Chain Link FAQ | FAQ INDEX
What are the differences between the various grades of fence?
Chain link fence.
As you may have noticed, chain link fabric, framework, and fittings are all available in various grades, gauges, and with different types of finishes. Briefly, I will attempt to differentiate between a few of the options.
Residential Grades "Good/ Light Duty": Framework (terminal posts, line posts, and top rail) The minimum we carry in framework is .065 wall thickness (16 ga.) tubing. This is typically the minimum any professional fence company would offer. There are cheaper options on the market, however with all the hard work involved with installing fences, the cheaper, thinner pipe is hardly worth the effort. A cheaper pipe for use for framework for example is a .035 wall thickness. This is typically found at do-it-yourself type stores and chains nationwide. Most of this type framework one can bend over one's knee. We suggest 2-1/2" (2-3/8" actual) O.D. (outside diameter) for terminal posts, i.e. end, corner, and gate posts. For line posts, or the intermediate posts as they are sometimes called, we recommend 1-5/8" O.D. posts for up to 5' high fences. 6' high chain link fences should be installed with a 2" O.D. . 1-3/8" O.D. top rail is sufficient for most residential jobs. We typically do not recommend tubing for fences higher than 6'.
Residential Chain Link Fabric/ Mesh/ Wire "Good/ Light Duty": Most do-it-yourself centers offer a 12 or 12-1/2 gauge chain link fabric. Typically this has a 2-1/2" mesh. We offer at minimum an 11 ga. fabric which has an approx. 2" mesh. With chain link wire, the smaller the number of gauge - the thicker, stronger it is. Although a 1-2 gauge difference does not appear to be much, experience would teach you otherwise. Not only is one stronger than the other, but the galvanized coating is much better on thicker wire. The thicker the wire, the longer it may be hot dipped in zinc without melting which creates the rust prohibiting galvanized coating. This principle also applies to the pipe framework. The cost difference between what one might find at a do-it-yourself center and what we carry isn't much and well worth the investment.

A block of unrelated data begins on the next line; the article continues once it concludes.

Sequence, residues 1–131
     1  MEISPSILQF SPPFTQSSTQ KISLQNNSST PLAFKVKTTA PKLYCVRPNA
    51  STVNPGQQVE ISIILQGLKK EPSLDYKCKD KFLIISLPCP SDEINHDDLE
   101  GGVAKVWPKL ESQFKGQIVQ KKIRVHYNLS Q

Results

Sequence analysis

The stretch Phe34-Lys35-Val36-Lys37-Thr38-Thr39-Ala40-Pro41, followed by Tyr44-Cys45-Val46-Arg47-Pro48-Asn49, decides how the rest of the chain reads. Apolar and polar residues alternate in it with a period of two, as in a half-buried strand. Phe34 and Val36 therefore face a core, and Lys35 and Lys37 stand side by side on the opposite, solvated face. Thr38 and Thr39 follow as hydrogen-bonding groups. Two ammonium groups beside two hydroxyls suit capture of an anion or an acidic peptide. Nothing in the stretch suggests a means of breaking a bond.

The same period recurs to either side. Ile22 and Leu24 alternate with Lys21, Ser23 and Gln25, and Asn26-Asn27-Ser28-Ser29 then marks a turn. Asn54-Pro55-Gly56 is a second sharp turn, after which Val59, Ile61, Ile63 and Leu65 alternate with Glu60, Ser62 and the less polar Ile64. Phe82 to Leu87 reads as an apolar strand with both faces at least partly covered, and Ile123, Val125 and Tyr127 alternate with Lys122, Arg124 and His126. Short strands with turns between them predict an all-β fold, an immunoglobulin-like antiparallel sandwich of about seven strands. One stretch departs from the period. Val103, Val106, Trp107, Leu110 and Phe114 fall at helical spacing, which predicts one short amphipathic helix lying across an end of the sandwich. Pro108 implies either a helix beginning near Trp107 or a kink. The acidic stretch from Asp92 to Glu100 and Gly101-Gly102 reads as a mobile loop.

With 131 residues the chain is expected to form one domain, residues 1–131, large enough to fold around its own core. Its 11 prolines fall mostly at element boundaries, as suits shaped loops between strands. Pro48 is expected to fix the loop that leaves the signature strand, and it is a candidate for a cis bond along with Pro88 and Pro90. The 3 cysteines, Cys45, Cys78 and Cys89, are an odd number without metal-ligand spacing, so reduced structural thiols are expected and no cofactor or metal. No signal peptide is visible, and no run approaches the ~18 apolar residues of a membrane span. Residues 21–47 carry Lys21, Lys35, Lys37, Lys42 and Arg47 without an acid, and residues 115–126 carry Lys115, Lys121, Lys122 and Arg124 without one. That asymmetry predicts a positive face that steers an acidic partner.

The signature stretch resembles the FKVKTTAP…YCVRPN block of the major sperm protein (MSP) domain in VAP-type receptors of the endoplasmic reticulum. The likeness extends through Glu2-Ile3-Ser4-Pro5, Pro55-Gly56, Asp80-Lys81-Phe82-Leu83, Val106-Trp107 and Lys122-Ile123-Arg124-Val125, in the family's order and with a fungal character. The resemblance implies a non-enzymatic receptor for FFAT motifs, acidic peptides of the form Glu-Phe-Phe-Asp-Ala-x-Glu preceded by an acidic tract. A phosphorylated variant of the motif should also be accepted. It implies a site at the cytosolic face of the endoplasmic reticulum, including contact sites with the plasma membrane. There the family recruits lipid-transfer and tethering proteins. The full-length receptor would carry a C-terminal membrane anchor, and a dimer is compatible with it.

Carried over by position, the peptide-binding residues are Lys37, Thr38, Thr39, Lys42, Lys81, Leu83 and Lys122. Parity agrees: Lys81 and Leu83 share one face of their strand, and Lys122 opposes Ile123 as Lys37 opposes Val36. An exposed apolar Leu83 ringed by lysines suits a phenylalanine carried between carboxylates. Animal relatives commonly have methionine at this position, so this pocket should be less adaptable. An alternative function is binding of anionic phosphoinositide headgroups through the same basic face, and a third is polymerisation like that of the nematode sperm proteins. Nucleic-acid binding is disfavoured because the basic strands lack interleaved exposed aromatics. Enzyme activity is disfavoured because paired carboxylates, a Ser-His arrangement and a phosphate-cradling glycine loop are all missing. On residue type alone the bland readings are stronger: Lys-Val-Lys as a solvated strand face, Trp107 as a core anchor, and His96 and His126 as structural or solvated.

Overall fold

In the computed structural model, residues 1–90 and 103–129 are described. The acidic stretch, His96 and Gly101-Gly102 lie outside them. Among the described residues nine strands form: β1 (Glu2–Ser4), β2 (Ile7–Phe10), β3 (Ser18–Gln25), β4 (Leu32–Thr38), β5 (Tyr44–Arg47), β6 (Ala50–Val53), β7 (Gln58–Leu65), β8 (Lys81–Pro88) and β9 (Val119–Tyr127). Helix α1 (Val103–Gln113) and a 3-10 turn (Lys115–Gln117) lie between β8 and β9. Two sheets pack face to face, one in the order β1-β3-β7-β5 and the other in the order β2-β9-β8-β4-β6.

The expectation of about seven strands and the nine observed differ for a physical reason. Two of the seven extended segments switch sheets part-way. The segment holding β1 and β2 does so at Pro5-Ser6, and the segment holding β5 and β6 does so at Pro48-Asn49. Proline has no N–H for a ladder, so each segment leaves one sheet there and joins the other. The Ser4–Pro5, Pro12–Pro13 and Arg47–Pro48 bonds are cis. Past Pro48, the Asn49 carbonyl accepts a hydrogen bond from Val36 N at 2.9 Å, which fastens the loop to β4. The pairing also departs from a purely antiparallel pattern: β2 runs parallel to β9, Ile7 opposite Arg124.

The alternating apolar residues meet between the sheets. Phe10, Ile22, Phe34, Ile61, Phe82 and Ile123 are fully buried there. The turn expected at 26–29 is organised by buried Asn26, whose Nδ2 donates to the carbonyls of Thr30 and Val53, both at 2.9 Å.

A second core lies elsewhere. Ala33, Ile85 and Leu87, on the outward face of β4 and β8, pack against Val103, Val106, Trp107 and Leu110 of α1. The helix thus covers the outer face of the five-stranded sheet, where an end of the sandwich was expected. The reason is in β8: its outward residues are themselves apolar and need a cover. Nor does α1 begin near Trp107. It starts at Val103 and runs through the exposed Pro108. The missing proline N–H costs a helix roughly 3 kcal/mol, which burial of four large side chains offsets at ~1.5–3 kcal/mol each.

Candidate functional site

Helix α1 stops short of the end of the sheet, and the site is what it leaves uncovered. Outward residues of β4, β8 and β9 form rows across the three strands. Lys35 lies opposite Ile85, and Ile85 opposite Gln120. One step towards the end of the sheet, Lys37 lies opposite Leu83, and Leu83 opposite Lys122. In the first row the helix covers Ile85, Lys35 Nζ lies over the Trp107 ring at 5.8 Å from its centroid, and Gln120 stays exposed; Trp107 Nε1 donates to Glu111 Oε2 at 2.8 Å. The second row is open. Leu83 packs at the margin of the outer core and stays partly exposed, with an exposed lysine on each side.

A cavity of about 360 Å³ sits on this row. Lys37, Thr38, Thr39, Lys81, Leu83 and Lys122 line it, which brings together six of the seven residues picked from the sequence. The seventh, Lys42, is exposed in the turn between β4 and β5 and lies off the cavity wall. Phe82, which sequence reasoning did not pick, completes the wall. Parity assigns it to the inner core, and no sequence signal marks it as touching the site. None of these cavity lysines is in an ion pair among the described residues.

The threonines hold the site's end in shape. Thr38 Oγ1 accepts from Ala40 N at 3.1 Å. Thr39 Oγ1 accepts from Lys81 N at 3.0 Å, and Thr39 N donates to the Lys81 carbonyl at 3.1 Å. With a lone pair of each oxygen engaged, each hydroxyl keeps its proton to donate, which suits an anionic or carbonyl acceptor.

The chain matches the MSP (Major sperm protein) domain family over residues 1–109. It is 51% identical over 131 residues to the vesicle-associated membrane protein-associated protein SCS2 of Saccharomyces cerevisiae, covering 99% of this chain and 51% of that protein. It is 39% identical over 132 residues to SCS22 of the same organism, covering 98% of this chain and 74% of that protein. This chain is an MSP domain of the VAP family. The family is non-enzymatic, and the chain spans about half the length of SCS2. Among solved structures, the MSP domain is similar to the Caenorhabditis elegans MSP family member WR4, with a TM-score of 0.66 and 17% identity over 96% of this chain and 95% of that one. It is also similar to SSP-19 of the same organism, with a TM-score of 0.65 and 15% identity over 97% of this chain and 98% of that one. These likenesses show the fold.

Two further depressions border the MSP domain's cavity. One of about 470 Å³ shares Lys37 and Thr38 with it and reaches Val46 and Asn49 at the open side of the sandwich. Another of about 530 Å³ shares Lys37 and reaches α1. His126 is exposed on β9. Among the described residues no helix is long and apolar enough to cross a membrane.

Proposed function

Residential/ Light Commercial Framework "Better/ Medium Duty": We recommend SS20 framework for residential customers wanting a higher quality fence which will last longer. It is also a cost efficient solution for light duty commercial use. SS20 framework is manufactured domestically by Allied Pipe and Conduit. It is 30% stronger and 20% lighter than mill structural pipe. It also has a far superior finish than domestic or import mill pipe. We do also carry import and domestic structural mill pipe (schedule 20, 40 for example). The savings may be approx. 10% and is fine for fence use. Many of our customers who need to fence miles may prefer domestic pipe for economical reasons. The diameters for posts and top rail are the same as above. However you may use SS20 for heights above 6'. It would be unusual to use SS20 for heights above 8'. 7' and 8' high fences will often feature a 3" (2-7/8" actual) terminal post and 2-1/2" (2-3/8'' actual) line posts. More information regarding SS20 is found online here: http://www.hooverfence.com/catalog/ss20_spec.htm .
Residential/ Light Commercial Chain Link Fabric/ Mesh/ Wire "Best/ Heavy Duty": 9 gauge is the preferred gauge for use with finer residential and light commercial use. This is typically what one will find at public facilities, airports, and commercial locations.